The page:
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Prenatal cocaine exposure not linked to bad behavior in kids

GAINESVILLE, Fla. - Toddlers exposed to cocaine before birth exhibit no more behavioral problems than other children their age, despite early predictions that "crack babies" would grow up to be delinquents, University of Florida researchers say.

Studying 3-year-olds exposed to crack and powder cocaine in the womb and a similar group of children who were not, UF researchers found that disruptive behaviors in children actually seem to be linked more closely to maternal depression than prenatal cocaine exposure.

"In all of the various outcomes we have looked at, people have expected very bad things," said Tamara D. Warner, Ph.D., a postdoctoral associate in the UF College of Medicine and lead author of the study. "These dire predictions were made about this group of kids. This study shows there really aren't the huge problems that we might expect."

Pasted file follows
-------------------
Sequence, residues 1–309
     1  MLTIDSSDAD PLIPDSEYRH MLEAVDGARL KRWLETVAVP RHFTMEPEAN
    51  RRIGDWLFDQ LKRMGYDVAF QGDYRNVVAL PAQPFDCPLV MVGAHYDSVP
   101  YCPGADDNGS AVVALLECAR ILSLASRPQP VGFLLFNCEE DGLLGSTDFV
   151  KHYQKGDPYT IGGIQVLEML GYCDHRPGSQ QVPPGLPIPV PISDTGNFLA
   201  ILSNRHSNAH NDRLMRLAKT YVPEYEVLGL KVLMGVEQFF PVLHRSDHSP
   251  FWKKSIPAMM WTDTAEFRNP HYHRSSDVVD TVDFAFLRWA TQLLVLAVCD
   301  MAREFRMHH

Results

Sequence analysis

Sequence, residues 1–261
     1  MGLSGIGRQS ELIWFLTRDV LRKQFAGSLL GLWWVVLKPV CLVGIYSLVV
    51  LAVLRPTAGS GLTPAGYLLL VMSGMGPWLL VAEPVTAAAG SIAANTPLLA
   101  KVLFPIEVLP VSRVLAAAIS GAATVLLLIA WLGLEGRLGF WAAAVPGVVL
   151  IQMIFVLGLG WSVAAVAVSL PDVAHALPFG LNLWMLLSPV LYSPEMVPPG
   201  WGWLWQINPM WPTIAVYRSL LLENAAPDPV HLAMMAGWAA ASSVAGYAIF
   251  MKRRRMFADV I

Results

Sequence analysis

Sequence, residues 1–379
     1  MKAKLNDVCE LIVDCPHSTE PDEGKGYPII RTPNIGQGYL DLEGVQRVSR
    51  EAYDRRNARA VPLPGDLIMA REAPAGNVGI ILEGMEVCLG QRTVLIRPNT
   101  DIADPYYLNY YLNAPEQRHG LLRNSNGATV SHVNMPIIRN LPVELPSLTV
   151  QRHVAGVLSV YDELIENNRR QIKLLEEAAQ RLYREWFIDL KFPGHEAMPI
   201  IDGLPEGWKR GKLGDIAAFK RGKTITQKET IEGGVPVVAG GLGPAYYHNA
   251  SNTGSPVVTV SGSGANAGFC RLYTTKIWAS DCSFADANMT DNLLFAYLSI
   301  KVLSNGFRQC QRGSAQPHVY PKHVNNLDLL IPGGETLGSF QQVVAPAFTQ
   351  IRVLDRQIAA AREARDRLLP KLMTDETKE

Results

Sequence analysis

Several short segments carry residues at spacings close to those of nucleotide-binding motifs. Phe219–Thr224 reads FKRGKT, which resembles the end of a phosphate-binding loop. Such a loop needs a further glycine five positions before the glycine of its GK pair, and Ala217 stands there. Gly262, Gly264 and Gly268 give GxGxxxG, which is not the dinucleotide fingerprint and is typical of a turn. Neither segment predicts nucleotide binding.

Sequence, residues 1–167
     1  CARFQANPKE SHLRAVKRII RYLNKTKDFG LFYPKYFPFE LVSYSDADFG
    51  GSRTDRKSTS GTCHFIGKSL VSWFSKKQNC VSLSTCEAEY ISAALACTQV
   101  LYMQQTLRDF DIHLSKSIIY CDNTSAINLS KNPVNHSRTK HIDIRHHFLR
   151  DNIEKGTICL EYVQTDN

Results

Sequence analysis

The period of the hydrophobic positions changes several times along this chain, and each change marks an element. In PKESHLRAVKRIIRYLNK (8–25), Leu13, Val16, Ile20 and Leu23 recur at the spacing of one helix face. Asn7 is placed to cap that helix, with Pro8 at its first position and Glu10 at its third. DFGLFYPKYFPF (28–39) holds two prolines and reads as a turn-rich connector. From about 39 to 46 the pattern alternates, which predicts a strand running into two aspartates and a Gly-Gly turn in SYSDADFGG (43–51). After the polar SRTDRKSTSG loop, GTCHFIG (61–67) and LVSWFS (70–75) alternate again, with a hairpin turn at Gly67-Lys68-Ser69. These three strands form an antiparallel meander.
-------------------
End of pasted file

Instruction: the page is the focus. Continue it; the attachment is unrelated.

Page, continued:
The researchers found that mothers, on average, reported a high number of symptoms of depression, regardless of whether they used cocaine during pregnancy, according to findings published this month in the Journal of Developmental and Behavioral Pediatrics. Biological mothers also tended to report more behavioral problems than nonmaternal caregivers and foster parents, who were caring for about half the cocaine-exposed children by the time they reached 3.

"One might have expected that caregivers who took on children with prenatal cocaine exposure would've expected (more problems) and reported a higher number of problems," Warner said. "But that wasn't the case."

The researchers studied 256 children, about half of whom were exposed to cocaine before birth. Most of their mothers were poor and black and lived in rural North Central Florida.

Poverty could explain why many of these mothers showed signs of depression, and in turn, depression could explain why mothers of cocaine-exposed and non-exposed children tended to report more behavioral problems, such as hyperactivity and impul
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Contact: April Frawley Birdwell
afrawley@vpha.health.ufl.edu
352-273-5817
University of Florida
1-May-2006


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